Advocates of the RH Bill will reply to these objections by saying that some local surveys show that there are many mothers among poor households who have had unwanted pregnancies. With all due respect to these survey companies and the groups financing such surveys, I find both the methods and contents of these surveys highly questionable from the scientific point of view. The questions are formulated to elicit the desired answers, very much like polls predicting the results of elections that are financed by the candidates themselves. These surveys on family planning are frequently funded by inter-national organizations (especially from the U.S.) that have a distinct bias in
    favor of birth control. More objective studies by economists abroad (like Lant Princhett of Harvard University) have scientifically demonstrated that mothers have the number of children that they desire. The concept of “unwanted pregnancy” is highly suspect except in extreme cases of rape and incest.
    Finally, to the objection that all the scientific studies I have cited only permit a rational person to talk about probabilities, i.e. contraception “may” increase the rate of abortion, I answer that all legislation is about probability. Speed limits are imposed because driving beyond these limits “may” lead to accidents. Monopolies are prohibited because monopolists “may” use their power to abuse consumers. Cigarette manufacturers are obliged to put a warning on their labels because cigarette smoking “may” be dangerous to your health. For an analogous reason, any rational person will object to a law promoting the use of artificial contraceptives among the masses because contraception may increase the rate of abortion, marriage breakups, single motherhood, and psychologically troubled teenagers and all the consequent economic and social costs to Philippine society.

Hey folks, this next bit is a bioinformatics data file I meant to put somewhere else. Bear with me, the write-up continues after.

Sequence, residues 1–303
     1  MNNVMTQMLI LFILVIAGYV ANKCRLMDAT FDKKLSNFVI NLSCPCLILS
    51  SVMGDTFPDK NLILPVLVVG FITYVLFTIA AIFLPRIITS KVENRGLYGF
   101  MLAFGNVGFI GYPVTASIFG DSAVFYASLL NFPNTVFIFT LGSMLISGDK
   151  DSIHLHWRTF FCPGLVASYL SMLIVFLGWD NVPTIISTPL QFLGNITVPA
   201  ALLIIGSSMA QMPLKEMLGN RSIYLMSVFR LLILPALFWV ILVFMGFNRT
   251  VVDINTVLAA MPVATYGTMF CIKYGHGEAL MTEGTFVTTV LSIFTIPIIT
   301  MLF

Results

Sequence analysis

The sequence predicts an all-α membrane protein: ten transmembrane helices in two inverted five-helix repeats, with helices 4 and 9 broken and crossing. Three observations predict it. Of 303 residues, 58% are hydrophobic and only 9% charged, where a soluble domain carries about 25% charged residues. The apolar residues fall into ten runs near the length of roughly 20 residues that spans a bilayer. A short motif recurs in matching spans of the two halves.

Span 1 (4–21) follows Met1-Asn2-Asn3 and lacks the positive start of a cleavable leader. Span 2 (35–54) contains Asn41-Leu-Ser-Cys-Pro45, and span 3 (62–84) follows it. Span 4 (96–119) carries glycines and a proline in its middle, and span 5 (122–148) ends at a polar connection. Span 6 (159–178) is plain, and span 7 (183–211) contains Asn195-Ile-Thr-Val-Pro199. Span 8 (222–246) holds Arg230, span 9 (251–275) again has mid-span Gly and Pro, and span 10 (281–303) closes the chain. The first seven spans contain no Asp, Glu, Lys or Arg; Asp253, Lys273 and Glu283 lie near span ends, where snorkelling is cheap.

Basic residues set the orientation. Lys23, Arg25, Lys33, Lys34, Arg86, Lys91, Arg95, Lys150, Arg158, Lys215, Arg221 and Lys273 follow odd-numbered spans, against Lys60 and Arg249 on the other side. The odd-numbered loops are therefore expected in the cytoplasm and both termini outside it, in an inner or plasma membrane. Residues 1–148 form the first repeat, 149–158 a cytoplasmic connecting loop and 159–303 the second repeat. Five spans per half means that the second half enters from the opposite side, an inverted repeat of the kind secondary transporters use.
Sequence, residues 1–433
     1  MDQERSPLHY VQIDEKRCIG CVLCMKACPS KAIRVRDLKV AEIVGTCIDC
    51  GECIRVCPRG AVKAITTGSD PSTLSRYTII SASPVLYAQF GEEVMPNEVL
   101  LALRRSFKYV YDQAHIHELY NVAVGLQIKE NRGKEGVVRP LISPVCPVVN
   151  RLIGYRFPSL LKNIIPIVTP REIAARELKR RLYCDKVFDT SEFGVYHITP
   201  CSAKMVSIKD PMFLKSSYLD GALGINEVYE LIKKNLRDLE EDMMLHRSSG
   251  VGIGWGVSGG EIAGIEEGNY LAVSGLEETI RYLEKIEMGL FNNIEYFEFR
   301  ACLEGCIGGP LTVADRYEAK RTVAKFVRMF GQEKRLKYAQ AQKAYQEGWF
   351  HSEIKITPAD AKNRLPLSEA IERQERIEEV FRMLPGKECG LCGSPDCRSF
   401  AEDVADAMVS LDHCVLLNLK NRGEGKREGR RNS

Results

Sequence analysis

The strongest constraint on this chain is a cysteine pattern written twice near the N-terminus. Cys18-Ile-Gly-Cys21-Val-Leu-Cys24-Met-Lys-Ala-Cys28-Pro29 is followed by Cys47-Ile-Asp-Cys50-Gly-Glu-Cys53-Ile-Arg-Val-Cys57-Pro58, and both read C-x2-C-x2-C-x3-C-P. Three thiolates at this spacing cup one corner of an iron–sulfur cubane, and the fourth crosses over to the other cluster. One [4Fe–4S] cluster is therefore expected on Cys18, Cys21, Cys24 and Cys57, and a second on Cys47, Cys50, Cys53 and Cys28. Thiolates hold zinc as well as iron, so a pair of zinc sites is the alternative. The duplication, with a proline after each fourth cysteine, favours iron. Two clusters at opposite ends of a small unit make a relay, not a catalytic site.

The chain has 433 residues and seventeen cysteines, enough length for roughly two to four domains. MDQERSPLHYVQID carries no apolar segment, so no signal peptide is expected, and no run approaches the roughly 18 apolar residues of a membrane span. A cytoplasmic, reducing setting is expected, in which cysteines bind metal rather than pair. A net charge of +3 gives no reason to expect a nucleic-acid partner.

For comments, my email address is bvillegas@uap.edu.ph.

  • Ginno Jhep A. Pacquing

    Sir ,how can be a officially member of ACT

    • admin

      You may fill-up our online membership form or you may confer with our ACT coordinator in your area.

    • Anonymous

      Dear Sir Pacquing,

      What division are you teaching right now? May we know your cellphone number? So, we can refer you to one of our Regional Coordinators.

      Thank you.

      Ms. JR Rodriguez
      Admin Staff

  • anonymous

    Good day Hon. Tinio. First, I would like to thank you for supporting us teachers regarding our concerns. Lalong lalo na po sa pagtataas ng aming moralidad sa pamamagitan ng pagsulong ng house bill 2142. Sir, meron lang po akong gustong LINAWIN. Bawal po ba kung naka ranking ang isang aplikanteng guro halimbawa naka rank sa ELEMENTARY at the same time naka rank din sa SECONDARY sa iisang DIVISION? Ito po ba ay pag labag sa batas?

  • Bishop

    RH Bill imposed by the Government(freedom) to MINIMIZE the RAPID GROWTH of population in our country. Please OPEN YOUR MIND people. You see, in the PAST years, abortion were already happened. NOW our government sees that ONE of the CAUSE of ECONOMIC CRISIS is the RAPID GROWTH of population in our country.. The ACT of MR TINIO is RIGHT he support RH Bill…..we cannot DENY nowadays, even 14 year old knows how to ABORT. ABORTION is a MORTAL SIN than to PREVENT ABORTION.